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Primary care nurses urged to look out for aggressive infection

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Nurses have been urged to look out for a type of infection in boils and abscesses that has seen a ten-fold increase in reported cases over the last six years.

The Health Protection Agency has released figures showing that 2,227 cases of Panton-Valentine Leukocidin (PVL) were referred to its staphylococcal reference unit for identification last year, up from 224 cases in 2005.

PVL – a toxin associated with Staphylococcus aureus bacteria – causes boils and abscesses which tend to be more aggressive and likely to spread than usual, and that need careful treatment so the infection does not spread. It has become a major public health problem in the US where it has reached epidemic levels.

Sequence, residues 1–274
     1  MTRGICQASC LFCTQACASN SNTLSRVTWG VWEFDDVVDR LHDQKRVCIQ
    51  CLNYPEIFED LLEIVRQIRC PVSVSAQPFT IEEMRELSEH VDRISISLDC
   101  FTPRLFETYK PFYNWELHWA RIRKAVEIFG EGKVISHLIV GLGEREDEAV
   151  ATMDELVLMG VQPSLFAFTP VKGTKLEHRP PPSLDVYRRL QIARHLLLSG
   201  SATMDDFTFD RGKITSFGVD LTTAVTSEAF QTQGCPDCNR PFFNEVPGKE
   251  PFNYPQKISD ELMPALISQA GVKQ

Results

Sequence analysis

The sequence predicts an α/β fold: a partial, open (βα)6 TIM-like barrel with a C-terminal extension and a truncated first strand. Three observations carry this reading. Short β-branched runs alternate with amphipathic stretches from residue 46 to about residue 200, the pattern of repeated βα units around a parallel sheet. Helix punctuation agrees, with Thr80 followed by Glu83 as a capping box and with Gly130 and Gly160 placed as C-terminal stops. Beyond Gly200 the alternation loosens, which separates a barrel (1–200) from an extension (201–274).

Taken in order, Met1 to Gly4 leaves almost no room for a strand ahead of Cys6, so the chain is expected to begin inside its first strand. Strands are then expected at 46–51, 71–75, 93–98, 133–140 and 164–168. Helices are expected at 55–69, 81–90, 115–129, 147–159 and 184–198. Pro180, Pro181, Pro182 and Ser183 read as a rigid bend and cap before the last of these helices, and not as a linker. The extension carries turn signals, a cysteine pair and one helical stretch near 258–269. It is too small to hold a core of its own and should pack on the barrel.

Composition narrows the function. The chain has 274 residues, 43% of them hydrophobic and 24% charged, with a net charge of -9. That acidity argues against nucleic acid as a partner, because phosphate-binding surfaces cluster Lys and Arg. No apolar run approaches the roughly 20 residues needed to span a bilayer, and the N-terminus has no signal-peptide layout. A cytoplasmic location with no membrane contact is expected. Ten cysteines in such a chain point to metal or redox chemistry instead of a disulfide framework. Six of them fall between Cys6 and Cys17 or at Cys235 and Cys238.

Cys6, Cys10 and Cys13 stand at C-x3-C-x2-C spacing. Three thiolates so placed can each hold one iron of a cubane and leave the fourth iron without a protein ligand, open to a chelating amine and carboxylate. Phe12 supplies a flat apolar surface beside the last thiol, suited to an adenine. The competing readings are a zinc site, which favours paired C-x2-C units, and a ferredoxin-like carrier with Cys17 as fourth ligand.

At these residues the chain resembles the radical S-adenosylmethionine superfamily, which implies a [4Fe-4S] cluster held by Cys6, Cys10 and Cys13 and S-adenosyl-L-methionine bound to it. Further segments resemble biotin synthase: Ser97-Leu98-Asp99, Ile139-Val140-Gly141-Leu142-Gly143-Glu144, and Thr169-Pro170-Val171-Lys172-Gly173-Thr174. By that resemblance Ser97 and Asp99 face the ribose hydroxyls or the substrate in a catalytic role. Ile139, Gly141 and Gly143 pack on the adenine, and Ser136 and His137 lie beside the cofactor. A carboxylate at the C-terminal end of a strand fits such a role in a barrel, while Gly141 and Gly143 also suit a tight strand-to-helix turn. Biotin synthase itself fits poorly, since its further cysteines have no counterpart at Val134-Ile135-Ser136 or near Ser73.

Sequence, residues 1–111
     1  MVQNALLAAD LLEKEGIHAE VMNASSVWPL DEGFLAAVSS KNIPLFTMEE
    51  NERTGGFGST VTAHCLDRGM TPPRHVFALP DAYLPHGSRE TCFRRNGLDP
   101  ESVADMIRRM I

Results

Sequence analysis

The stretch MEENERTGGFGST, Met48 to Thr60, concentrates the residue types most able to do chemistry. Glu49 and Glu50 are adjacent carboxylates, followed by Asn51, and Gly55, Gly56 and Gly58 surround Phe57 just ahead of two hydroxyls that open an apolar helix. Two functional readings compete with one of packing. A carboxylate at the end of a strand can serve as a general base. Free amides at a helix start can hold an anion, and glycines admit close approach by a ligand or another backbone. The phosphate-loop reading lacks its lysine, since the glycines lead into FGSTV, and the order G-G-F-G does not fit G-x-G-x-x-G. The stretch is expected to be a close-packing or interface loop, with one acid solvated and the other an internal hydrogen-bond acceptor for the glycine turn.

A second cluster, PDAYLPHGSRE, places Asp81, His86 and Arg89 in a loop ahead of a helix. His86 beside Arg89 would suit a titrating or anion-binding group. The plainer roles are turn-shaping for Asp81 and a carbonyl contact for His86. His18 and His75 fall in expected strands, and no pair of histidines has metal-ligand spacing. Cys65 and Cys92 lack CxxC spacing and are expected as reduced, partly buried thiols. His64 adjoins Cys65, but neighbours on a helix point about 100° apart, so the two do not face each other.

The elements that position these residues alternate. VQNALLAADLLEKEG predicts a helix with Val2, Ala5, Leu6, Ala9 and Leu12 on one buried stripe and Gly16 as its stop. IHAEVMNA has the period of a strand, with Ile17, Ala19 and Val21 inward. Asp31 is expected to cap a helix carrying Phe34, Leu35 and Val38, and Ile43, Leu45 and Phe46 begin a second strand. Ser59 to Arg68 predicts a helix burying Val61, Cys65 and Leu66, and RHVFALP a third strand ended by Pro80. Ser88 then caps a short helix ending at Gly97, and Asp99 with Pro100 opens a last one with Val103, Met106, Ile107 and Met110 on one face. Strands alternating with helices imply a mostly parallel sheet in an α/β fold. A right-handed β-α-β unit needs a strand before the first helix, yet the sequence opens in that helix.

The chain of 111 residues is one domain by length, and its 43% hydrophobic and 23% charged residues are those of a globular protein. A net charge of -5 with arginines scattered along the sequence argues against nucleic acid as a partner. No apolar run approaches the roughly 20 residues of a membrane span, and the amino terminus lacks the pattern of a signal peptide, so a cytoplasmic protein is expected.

Martin Kiernan, a nurse consultant in prevention and control of infection at Southport and Ormskirk Trust, called on community nurses to be vigilant and advised them to report suspected PVL cases for analysis.

He said: “I’d certainly urge all district and practice nurses to be on the watch for recurrent abscesses and boils, and to seek the advice of their infection control specialists where needed.”

The HPA launched a campaign in 2005 urging healthcare workers to report unusual boils and abscesses.  The HPA said this may have contributed to the increase in recorded PVL cases.

HPA scientists have discovered that, of all the staphylococcal boil and abscess isolates referred to their labs, 65% are caused by PVL.

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Readers' comments (1)

  • Interesting pediatric study: Proper drainage and wound care may have been key to healing.

    Brief article @ The Times of India http://bit.ly/gSDzqn

    Actual Study: http://bit.ly/fLpXli
    Primary source: Pediatrics
    Source reference:
    Chen A, et al "Randomized controlled trial of cephalexin versus clindamycin for uncomplicated pediatric skin infections" Pediatrics 2011; DOI:10.1542/peds.2010-2053.

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